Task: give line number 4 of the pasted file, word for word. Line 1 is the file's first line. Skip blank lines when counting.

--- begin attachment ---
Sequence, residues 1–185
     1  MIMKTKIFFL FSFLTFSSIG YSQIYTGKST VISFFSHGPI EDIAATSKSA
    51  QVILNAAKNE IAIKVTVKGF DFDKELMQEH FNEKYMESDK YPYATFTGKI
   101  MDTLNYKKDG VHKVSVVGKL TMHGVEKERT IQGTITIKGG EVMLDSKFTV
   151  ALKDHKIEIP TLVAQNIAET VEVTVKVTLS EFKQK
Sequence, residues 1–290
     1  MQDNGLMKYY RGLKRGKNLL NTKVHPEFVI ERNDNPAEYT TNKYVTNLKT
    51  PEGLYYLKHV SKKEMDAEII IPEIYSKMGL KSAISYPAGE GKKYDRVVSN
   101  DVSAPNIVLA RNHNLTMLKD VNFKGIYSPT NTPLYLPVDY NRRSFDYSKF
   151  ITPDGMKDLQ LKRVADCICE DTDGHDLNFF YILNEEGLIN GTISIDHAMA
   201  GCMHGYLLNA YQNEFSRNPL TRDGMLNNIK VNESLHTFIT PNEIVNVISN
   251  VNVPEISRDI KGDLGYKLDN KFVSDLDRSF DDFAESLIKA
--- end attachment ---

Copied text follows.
   101  MDTLNYKKDG VHKVSVVGKL TMHGVEKERT IQGTITIKGG EVMLDSKFTV